• State Grid Corp. of China and China Southern Power Grid Co. are among early bidders for a stake in Chilean utility Transelec SAthat could fetch about $1 billion, according to people familiar with the matter. The Chinese state-owned firms are bidding for a 27.7 percent holding in the company being sold by Brookfield Asset Management Inc.
  • Discovery Communications Inc. and Viacom Inc., two cable network owners hurt by the rise of Netflix Inc. and YouTube, have held separate talks to combine with Scripps Networks Interactive Inc., owner of HGTV and the Food Network, according to a person with knowledge of the matter. Scripps, with a market value of $8.7 billion, surged 10 percent in late trading. Shares of Discovery, the $15 billion owner of Animal Planet and TLC, also rose, while Viacom Inc., the $14.5 billion parent of Nickelodeon and MTV, was little changed.
  • Apple Inc. and its Asian contract manufacturers are hitting back at Qualcomm Inc. with legal claims that try to undermine the chipmaker’s attempt to force them to pay licensing fees. Qualcomm is asking for payments massively in excess of what it would normally receive, Apple, Compal Electronics Inc., Hon Hai Precision Industry Co. and others said early Wednesday in court filings.
  • Volvo AB shares fell the most in more than a year as the truck division’s profitability shrank in the second quarter amid a continuing decline in North American deliveries. Volvo dropped as much as 7.8 percent, the steepest intraday plunge since June 27, 2016, and was trading down 5.8 percent at 137.1 kronor as of 12:37 p.m. in Stockholm, valuing the Gothenburg, Sweden-based manufacturer at 292 billion kronor ($35 billion).
  • Bain Capital and Cinven officially offered to buy Stada Arzneimittel AG for 5.4 billion euros ($6.2 billion), moving forward with their second attempt at acquiring the biggest independent German generic-drugs maker.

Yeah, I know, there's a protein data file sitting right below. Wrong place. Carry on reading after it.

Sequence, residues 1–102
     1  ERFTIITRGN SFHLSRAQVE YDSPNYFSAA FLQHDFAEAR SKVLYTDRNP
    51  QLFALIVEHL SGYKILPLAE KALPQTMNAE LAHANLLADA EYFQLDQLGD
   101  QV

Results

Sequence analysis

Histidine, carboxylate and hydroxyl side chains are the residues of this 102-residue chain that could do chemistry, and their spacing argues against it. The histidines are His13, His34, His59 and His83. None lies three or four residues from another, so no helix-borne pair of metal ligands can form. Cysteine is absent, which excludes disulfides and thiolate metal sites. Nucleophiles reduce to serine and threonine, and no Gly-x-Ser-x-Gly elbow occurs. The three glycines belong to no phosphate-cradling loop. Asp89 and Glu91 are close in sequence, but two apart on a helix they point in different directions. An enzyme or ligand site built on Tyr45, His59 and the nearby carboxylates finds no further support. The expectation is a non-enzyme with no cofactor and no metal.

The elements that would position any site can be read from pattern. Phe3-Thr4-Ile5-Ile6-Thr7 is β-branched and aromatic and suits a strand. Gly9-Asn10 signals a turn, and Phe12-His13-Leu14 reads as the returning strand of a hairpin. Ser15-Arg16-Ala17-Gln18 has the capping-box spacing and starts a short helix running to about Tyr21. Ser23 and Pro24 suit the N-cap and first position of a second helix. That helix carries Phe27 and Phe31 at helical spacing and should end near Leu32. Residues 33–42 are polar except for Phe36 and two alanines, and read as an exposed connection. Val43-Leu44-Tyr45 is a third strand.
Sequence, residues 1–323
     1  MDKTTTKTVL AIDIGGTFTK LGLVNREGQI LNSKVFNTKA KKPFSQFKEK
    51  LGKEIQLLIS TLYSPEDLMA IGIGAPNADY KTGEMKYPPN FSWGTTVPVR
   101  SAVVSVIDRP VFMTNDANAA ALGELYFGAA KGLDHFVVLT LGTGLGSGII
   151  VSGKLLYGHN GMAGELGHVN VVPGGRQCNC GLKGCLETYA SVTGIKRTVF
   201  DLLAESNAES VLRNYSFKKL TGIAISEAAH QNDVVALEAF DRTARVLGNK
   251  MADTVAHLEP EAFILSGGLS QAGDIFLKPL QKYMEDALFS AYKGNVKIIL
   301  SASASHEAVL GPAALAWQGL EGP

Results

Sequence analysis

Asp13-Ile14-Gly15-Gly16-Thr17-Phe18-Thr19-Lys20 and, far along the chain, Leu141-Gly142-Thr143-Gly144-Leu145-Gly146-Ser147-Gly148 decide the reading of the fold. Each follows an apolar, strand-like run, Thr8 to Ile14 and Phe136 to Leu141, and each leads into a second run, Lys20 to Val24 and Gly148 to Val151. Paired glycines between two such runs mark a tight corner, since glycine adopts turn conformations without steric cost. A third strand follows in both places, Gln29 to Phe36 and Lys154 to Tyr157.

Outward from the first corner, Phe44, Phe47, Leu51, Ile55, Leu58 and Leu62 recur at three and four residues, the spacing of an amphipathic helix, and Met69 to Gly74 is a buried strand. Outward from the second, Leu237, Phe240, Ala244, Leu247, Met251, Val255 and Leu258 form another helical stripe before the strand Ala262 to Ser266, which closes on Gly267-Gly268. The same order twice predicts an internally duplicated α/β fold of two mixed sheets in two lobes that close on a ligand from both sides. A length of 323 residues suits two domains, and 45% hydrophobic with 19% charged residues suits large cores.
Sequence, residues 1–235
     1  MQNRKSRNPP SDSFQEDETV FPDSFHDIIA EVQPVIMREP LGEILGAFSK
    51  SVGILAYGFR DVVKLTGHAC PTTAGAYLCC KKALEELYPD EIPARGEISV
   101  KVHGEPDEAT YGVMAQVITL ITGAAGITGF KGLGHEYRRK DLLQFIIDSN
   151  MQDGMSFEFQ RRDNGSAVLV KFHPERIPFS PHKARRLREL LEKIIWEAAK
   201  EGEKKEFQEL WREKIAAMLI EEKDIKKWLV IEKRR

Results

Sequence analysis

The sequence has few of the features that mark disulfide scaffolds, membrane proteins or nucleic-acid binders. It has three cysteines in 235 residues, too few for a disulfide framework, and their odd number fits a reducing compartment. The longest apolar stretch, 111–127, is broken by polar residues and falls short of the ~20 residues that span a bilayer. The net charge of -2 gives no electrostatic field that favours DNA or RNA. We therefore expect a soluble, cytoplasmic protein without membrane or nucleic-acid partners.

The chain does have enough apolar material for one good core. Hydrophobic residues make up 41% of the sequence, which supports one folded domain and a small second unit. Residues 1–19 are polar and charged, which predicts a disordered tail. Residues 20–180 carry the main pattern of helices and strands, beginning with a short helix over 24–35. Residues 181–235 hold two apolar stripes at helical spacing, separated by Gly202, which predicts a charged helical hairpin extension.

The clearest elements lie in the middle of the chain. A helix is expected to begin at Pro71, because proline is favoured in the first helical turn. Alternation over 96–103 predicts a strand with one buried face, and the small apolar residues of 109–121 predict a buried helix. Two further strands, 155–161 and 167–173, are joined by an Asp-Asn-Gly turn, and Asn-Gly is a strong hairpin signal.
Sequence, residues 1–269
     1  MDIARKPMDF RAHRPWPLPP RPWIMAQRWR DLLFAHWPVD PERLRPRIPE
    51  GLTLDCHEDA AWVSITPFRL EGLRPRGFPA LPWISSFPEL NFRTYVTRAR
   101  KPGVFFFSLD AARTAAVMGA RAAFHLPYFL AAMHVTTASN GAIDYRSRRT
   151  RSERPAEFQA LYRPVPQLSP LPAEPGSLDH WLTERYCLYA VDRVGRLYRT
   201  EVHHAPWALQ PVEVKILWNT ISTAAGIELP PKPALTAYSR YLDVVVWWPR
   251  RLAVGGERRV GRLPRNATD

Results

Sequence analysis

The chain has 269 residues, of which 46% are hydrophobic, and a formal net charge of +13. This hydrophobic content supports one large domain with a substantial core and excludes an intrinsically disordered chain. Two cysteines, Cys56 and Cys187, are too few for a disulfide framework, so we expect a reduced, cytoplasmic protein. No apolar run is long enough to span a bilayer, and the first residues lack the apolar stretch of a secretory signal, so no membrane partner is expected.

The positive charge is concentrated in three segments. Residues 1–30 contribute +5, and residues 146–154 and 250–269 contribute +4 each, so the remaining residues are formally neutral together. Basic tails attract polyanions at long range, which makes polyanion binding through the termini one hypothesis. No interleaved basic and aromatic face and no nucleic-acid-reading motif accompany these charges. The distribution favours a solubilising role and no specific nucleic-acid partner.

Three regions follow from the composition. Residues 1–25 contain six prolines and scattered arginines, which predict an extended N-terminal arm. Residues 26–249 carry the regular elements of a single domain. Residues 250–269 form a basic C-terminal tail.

• BP Plc is considering forming a master-limited partnership and holding an initial public offering for pipeline assets located in the U.S. Assets being considered include crude, natural gas and refined-product pipelines in the Midwest and U.S. Gulf of Mexico, BP said in a filing. The potential IPO of the unit could be held in the second half of this year, if the company decides to pursue it.
  • NRG Energy Inc. says buyers are hungry for the company’s renewable-energy business as the power generator looks to cut debt and sell assets under pressure from billionaire investor Paul Singer. Almost a week after the largest U.S. independent power producer disclosed that it’s looking to slim down, the company is seeing “robust engagement from a variety of potential co-sponsors or sponsors” for its clean-energy units.
  • Landis+Gyr AG, the world’s largest smart electricity meter manufacturer, is set for its initial public offering on July 21, the second leading smart meter company to go public. The Swiss company commands a 26 percent share of installed meters worldwide, excluding China, in a market that looks set to grow rapidly over the next three years.
  • Greece’s much anticipated return to bond markets this week has been held off partly due to a ceiling set by the International Monetary Fundon the amount of debt the country can hold, according to three officials familiar with the matter who asked not to be identified as the talks are confidential.
  • Akzo Nobel NV Chief Executive Officer Ton Buechner resigned unexpectedly for health reasons amid the pressure of battling activist investor Elliott Management Corp. and the threat that rival-turned-suitor PPG Industries Inc. could return with another takeover attempt later this year.
  • The London Metal Exchange is likely to adopt measures including a cut in fees and a charge for over-the-counter trades to try to quell a rebellion over costs and reverse a decline in its market share, according to two people familiar with the plans.
  • A meeting of 16 nations in India on a mega Asia trade pact is happening in the shadow of elevated border tensions between India and China, a wrinkle that could further slow progress on the deal. Trade officials gathered in the southern city of Hyderabad are seeking to hammer out agreement on sticky issues like the free movement of people in the pact that takes in the world’s second and third-biggest economies — China and Japan — but does not involve the U.S.
  • Electrolux AB raised its outlook for growth in North America as second-quarter profit beat estimates and Europe’s biggest maker of household appliances sold more air conditioners to U.S. customers. Demand for appliances in the Stockholm-based company’s biggest market is expected to grow by 3 percent to 4 percent this year, Electrolux said in a statement Wednesday.


*All sources from Bloomberg unless otherwise specified